> Variants: CH-53A (base model), VH-53D (VIP transport)

Source: my_public_domain_photos / Flickr

Sikorsky CH-53E Super Stallion
> Aircraft in active service: 35
> Year entered service: 1981
> Crew: 5
> Manufacturer: Sikorsky Aircraft
> Top speed: 196 mph
> Variants: CH-53K (King Stallion), MH-53E (Sea Dragon)

Source: guvendemir / iStock via Getty Images

Sikorsky UH-60 Black Hawk
> Aircraft in active service: 493
> Year entered service: 1979
> Crew: 2
> Manufacturer: Sikorsky Aircraft
> Top speed: 183 mph
> Variants: MH-60 (Knighthawk), SH-60 (Seahawk)

Source: usnavy / Flickr

T-45 Goshawk
> Aircraft in active service: 189
> Year entered service: 1991
> Crew: 2
> Manufacturer: BAE Systems, Boeing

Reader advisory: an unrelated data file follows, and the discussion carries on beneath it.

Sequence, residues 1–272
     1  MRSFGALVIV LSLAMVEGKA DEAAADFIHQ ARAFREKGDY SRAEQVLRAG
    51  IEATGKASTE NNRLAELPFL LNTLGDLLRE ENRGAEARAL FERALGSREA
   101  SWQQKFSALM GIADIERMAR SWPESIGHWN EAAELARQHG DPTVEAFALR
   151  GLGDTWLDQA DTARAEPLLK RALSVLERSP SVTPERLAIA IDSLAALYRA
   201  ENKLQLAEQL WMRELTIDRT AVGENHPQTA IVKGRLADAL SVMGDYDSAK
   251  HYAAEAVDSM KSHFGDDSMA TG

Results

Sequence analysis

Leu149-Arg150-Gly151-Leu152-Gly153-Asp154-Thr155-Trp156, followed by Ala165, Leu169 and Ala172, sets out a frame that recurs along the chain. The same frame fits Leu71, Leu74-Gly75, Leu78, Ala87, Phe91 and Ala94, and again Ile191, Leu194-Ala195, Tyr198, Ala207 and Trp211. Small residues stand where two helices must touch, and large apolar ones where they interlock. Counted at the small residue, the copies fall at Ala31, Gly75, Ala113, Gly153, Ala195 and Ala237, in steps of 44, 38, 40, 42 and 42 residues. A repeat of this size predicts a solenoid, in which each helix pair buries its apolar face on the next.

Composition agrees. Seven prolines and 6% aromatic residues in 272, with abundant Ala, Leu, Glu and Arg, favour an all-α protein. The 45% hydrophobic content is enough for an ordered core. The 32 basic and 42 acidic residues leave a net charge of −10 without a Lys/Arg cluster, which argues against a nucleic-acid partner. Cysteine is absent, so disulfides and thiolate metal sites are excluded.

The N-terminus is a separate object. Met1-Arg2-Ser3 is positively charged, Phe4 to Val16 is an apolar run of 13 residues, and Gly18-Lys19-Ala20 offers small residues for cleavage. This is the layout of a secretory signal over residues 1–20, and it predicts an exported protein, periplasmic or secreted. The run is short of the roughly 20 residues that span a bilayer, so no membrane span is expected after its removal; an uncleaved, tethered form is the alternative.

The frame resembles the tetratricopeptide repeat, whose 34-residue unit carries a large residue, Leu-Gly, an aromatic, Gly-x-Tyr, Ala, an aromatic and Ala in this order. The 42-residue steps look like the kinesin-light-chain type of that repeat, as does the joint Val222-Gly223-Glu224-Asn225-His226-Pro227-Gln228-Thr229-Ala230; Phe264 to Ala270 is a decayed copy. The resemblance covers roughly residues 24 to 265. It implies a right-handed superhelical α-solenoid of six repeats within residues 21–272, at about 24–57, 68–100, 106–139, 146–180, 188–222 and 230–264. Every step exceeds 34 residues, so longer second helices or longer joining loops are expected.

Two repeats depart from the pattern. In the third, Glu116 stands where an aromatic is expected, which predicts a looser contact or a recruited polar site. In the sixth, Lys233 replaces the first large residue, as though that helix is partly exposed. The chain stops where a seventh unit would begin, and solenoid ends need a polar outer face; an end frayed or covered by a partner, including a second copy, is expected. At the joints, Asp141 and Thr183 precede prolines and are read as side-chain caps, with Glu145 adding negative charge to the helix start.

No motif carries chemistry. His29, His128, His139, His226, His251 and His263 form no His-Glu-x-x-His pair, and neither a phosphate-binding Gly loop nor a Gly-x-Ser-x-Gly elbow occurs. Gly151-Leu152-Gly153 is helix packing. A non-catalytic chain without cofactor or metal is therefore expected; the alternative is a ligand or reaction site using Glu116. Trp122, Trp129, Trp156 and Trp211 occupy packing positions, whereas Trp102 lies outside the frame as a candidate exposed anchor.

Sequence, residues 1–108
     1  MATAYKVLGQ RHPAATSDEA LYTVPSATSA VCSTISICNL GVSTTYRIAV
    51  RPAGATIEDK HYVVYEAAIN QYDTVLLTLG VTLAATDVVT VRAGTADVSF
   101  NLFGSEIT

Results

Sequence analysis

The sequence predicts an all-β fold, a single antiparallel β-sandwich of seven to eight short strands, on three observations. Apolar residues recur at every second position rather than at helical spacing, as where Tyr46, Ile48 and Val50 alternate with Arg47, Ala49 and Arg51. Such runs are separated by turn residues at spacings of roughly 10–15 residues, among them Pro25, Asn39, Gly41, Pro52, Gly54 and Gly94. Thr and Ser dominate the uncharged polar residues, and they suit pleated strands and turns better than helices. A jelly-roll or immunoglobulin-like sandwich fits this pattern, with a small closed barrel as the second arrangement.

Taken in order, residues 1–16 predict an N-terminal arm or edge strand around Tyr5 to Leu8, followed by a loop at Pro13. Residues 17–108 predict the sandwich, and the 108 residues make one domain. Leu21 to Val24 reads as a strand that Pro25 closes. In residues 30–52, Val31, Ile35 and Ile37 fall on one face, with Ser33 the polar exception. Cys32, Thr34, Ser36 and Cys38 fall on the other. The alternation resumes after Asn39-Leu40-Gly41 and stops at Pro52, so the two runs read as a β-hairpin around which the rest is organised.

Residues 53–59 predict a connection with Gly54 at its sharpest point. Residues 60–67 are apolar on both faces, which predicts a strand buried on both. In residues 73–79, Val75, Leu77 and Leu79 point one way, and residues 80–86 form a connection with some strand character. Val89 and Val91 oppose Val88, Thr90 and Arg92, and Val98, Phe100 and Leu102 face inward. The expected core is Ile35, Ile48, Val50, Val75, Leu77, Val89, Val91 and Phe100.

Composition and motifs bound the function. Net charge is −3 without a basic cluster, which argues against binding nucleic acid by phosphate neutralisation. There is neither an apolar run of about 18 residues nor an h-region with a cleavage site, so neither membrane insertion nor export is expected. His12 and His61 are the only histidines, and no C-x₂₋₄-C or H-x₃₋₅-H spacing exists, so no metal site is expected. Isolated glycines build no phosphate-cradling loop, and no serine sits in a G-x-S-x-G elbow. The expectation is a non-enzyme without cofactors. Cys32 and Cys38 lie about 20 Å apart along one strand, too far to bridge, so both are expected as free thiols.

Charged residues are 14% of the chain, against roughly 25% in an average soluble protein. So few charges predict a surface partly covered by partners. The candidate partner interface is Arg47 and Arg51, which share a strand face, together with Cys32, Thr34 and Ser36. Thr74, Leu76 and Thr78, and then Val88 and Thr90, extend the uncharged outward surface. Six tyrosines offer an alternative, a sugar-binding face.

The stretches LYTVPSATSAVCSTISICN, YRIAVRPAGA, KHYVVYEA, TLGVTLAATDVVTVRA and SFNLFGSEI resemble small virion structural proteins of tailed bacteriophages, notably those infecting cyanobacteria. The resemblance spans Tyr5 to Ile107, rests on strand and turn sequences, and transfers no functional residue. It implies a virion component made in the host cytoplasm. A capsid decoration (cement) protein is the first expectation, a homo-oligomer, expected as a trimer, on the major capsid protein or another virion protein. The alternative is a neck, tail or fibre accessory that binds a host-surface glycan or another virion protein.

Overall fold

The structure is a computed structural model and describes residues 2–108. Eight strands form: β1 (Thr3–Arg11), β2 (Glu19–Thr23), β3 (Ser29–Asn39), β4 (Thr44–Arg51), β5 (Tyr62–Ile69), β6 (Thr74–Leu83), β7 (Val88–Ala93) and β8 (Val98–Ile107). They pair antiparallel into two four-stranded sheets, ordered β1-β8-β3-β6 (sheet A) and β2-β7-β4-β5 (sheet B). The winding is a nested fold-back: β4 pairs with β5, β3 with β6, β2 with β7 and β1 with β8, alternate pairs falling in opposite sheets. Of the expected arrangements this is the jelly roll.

> Top speed: 645 mph
> Variants: T-45A (base trainer), T-45C (current standardized Goshawk)

Sponsored: Tips for Investing

A financial advisor can help you understand the advantages and disadvantages of investment properties. Finding a qualified financial advisor doesn’t have to be hard. SmartAsset’s free tool matches you with up to three financial advisors who serve your area, and you can interview your advisor matches at no cost to decide which one is right for you. If you’re ready to find an advisor who can help you achieve your financial goals, get started now.

Investing in real estate can diversify your portfolio. But expanding your horizons may add additional costs. If you’re an investor looking to minimize expenses, consider checking out online brokerages. They often offer low investment fees, helping you maximize your profit.

Thank you for reading! Have some feedback for us?
Contact the 24/7 Wall St. editorial team.